Recording producers: Ray Minshull (Verdi, Mussorgsky, Saint-Saëns, Rossini); John Culshaw (J. Strauss II, Weber, Minkus); Michael Williamson (Lecocq, Walton)
Recording engineer: Kenneth Wilkinson (Verdi, Mussorgsky, Saint-Saëns, Rossini, J. Strauss II, Weber, Minkus); Ken Cress (Lecocq, Walton)
Recording location: Kingsway Hall, London, UK, July 1953 (J. Strauss II, Minkus), November 1953 (Weber); Watford Town Hall, London, UK, September 1957 (Lecocq, Walton); La Maison de la Chimie, Paris, France, November 1958 (Verdi, Mussorgsky, Saint-Saëns, Rossini)
The music on this pair of CDs falls into one of two categories: ballet music from an opera, or ballet music that was not originally intended for dancing at all, but that was subsequently adapted for that purpose. (The exception is Don Quixote, a full-length ballet with an original score.)
Many famous conductors had unusual lives, but the life of Anatole Fistoulari (1907-1995) was more unusual than most. When he was just seven, he conducted a performance of Tchaikovsky’s Sixth Symphony in his native city of Kiev. At thirteen, he conducted Saint-Saëns’s Samson and Delilah in Bucharest. While a young man, he travelled throughout Europe and North America, accompanying bass Feodor Chaliapin and conducting the Ballet Russe de Monte Carlo. Escaping the European mainland in World War II, he came to England, where he soon married Gustav Mahler’s sole surviving daughter, Anna, and was named principal conductor of the London Philharmonic Orchestra. He became a British citizen in 1948. Under a reciprocal arrangement between Decca and RCA, the Verdi, Mussorgsky, Saint-Saëns and Rossini items – all ‘opera-ballets’ – first appeared on RCA in 1960. Their first Decca release (under the title ‘The World of Ballet’) was not until 1972. Likewise, the Lecocq and Walton items were published in 1959 by RCA but in 1971 by Decca.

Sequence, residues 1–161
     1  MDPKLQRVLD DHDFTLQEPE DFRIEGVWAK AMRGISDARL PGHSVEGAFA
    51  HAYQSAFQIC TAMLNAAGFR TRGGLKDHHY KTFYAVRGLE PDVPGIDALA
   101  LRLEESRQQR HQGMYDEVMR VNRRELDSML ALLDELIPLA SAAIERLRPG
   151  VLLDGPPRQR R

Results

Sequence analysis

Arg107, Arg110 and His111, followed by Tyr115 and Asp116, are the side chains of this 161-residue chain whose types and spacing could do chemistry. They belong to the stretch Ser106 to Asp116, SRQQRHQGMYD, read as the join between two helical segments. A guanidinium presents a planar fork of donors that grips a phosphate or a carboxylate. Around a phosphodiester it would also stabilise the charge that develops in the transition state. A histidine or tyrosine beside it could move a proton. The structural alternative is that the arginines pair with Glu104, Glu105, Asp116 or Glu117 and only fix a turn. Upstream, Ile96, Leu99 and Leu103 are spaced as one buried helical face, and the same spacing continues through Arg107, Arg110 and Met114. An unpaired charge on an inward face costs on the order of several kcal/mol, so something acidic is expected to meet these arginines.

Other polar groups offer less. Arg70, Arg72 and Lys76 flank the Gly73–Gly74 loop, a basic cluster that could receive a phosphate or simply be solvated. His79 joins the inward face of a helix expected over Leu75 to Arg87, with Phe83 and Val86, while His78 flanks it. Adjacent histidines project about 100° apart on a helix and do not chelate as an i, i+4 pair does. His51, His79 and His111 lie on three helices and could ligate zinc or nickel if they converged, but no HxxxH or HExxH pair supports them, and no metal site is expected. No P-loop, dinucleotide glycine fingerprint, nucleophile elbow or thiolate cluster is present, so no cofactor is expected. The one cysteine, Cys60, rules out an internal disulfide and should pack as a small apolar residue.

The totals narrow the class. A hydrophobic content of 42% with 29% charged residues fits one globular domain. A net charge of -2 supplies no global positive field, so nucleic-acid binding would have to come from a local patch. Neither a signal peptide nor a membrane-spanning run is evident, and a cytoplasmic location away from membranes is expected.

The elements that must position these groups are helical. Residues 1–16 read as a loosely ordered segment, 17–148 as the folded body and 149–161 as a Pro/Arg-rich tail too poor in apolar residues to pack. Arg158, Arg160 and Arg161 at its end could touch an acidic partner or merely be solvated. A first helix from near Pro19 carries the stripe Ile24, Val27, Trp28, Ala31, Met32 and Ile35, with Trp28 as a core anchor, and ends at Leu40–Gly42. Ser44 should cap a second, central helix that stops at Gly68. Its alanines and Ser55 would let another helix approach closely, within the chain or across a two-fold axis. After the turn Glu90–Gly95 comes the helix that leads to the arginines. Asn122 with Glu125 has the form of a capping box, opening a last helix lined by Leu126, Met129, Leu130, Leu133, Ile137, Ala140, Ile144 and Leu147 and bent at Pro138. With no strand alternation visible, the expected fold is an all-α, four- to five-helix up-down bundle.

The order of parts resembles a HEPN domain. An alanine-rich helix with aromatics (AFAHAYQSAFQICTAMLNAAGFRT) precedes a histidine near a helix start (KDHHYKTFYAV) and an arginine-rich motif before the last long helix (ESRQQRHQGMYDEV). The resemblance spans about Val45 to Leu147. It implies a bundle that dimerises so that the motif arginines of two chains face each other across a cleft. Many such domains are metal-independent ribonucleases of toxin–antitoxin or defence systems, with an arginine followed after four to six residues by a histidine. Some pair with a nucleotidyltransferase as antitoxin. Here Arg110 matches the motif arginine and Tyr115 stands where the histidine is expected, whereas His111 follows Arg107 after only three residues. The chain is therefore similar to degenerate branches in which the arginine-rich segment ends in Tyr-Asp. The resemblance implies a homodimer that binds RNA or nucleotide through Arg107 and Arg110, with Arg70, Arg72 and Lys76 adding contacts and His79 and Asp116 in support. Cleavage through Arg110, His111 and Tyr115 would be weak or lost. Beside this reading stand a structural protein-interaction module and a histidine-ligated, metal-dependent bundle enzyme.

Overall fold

“Well turned performances, well recorded … An enjoyable record.” Gramophone Magazine (Lecocq, Walton)
“I soon found my attention held with delight. This is Strauss as Strauss is played in Vienna” Gramophone Magazine (Strauss/Dorati)
“The pseudo-exotic elements of the Bacchanale from Samson and Delilah are invariably enjoyable, but rarely do they achieve the adrenaline level of this performance: Fistoulari whips up the end of the piece in a frenzy of excitement...A highly enjoyable and varied collection of ballet music” Penguin Guide, 2011 edition